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EXPLAINED: How Dust Devils Form

West Michigan saw multiple dust devils this week, some even causing damage. Here's a look at how these whirlwinds form.

GRAND RAPIDS, Mich — Dust devils, they are usually harmless whirlwinds that make for a bit of excitement on a sunny afternoon with clear skies and warming temperatures. But sometimes, these circulations can grow a bit too large and unwieldy for comfort.

That was the case with one dust devil Thursday afternoon May 13th in West Michigan. While many devils were reported that afternoon, this one caused damage. Several nursery structures at the Lincoln Nursery in Grand rapids were torn apart as winds whipped around the facility. 

No one was injured in the event, but the photos of the damage were impressive. 

You can see those in the gallery below. 

The next question for many after seeing images like this, is how do these dust devils form?

Well, to firstly address one area of concern, these are not tornadoes. Some of the physics involved with the rotation of the air column may be similar, but their formation and the factors leading to their continuation are very different.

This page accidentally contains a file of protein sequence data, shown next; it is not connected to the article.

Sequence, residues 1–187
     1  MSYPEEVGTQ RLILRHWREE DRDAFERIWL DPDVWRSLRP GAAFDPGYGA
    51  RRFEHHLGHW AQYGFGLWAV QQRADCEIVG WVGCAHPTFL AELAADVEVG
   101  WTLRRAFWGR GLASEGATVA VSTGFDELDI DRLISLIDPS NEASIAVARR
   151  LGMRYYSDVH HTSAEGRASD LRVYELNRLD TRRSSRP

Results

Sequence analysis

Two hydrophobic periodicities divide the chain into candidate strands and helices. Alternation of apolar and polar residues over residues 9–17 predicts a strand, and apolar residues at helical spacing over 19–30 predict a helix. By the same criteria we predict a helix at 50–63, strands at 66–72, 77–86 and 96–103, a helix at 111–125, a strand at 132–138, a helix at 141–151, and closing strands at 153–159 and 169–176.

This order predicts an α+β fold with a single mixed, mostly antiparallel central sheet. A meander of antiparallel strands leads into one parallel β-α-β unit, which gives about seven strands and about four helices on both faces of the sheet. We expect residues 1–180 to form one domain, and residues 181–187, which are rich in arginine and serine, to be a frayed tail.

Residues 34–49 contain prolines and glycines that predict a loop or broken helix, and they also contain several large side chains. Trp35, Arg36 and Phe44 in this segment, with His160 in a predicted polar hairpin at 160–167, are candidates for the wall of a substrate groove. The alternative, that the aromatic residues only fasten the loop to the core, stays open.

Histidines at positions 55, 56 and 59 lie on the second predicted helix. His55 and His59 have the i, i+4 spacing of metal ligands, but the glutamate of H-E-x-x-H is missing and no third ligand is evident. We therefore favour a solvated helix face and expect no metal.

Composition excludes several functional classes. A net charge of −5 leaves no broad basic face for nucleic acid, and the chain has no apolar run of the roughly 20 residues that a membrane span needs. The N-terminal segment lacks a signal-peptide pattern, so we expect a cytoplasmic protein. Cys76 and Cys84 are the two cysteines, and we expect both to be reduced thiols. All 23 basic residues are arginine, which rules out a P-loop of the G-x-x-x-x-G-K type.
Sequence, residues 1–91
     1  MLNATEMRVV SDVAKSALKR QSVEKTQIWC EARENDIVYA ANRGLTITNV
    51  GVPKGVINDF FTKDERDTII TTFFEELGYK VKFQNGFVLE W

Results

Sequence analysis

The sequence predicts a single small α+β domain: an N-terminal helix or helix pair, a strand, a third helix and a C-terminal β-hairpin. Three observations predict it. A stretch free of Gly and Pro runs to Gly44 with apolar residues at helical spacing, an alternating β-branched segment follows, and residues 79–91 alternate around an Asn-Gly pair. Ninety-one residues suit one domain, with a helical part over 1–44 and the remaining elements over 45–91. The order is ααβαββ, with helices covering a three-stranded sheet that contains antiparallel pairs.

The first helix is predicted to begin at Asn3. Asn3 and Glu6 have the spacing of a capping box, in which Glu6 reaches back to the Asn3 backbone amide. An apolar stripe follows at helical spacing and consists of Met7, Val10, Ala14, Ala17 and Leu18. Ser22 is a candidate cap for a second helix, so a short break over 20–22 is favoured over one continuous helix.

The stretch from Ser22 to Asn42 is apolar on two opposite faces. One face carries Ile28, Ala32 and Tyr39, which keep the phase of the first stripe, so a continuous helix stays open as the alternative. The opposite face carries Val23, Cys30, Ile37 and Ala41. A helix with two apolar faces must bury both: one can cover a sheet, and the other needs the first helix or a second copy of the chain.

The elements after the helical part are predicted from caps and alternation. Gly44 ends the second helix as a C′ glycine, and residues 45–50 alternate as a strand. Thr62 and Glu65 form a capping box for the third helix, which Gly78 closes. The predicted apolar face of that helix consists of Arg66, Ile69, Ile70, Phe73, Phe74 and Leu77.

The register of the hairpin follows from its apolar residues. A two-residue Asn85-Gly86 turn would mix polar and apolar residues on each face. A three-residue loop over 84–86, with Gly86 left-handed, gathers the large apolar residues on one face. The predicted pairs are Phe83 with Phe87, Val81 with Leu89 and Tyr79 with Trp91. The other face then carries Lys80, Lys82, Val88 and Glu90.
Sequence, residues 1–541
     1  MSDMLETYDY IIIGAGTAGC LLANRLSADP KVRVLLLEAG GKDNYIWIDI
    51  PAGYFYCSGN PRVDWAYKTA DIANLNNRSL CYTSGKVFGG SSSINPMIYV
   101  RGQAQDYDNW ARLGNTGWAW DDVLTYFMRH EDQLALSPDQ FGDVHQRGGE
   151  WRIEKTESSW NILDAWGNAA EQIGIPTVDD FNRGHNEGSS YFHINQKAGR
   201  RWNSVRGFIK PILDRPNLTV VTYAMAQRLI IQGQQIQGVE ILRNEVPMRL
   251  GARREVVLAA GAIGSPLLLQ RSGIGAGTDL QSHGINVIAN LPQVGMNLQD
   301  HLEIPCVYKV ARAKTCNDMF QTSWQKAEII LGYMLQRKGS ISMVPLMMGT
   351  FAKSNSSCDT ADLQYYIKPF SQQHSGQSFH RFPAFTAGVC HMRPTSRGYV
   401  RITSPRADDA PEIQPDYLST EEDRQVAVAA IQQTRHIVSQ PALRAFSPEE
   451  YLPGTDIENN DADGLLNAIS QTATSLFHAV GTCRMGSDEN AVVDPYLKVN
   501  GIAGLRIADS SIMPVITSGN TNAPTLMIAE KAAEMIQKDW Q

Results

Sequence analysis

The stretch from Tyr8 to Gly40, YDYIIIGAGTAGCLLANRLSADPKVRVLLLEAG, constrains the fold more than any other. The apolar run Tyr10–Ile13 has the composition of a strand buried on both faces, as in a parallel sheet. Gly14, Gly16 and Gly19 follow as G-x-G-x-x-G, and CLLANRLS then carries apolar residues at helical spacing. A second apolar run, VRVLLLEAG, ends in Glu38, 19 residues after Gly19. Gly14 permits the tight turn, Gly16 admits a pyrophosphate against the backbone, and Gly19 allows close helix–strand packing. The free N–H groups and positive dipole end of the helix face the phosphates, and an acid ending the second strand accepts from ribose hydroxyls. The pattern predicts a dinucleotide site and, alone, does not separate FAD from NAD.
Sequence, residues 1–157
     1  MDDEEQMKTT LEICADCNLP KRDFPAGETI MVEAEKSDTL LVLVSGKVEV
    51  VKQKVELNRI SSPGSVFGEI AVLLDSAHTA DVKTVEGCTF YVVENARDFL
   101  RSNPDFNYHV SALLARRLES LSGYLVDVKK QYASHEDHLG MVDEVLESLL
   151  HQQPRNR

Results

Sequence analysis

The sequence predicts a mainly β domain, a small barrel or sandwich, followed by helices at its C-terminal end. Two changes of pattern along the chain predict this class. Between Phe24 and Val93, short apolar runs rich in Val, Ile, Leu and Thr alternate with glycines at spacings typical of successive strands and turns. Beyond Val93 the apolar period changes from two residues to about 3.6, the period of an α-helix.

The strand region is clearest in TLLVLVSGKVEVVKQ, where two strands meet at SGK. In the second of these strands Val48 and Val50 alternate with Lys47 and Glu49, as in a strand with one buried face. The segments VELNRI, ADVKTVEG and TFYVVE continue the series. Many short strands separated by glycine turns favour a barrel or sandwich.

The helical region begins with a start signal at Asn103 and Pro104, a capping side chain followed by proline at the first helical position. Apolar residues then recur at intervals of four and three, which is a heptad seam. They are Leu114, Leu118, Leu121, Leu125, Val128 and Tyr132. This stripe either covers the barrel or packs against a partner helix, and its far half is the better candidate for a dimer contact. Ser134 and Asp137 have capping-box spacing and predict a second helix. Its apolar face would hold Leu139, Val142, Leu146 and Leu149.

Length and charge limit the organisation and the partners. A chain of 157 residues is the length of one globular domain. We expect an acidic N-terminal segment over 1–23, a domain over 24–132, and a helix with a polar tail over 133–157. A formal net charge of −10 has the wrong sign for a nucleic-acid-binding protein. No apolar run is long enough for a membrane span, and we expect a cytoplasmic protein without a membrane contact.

A dust devil usually forms in an area of flat terrain on a warm and sunny to mostly sunny afternoon, with light winds and colder air aloft in the atmosphere. The sun will heat the surface causing air at surface level to warm more rapidly than the area further aloft. 

Credit: Michael Behrens
Solar radiation causes rapid surface warming and rising air currents above the warmed surface layer.

This difference in heating will lead to rising air via convection. Given the right circumstance, this rising air will begin to rotate and form a circulation. 

Credit: Michael Behrens
Rising air, via convection, begins to rotate forming a dust devil.

This circulation will be fed and sustained by warm air coming in from the surface level. Dust devils can last for seconds or minutes, and may be small in scale or large enough to resemble a smaller tornado. 

Credit: Michael Behrens
Dust devils are sustained by rising warm surface air, and may last minutes at a time, growing quite large.

The dust devil will begin to weaken as colder air begins to mix in. This colder air will lead to a disruption to the equilibrium creating the circulation, leading to its dissipation. 

Credit: Michael Behrens
Dust devils weaken and fade out when cold air mixes in.

While mostly harmless, as mentioned above, dust devils can sometimes cause damage. It is recommended that you avoid wondering into the circulation as flying debris, at the very least, could cause irritation to your skin or eyes. 

However, it is recommended that you snap a photo or video when you see one, and be sure to send it our way as well!

-- Meteorologist Michael Behrens

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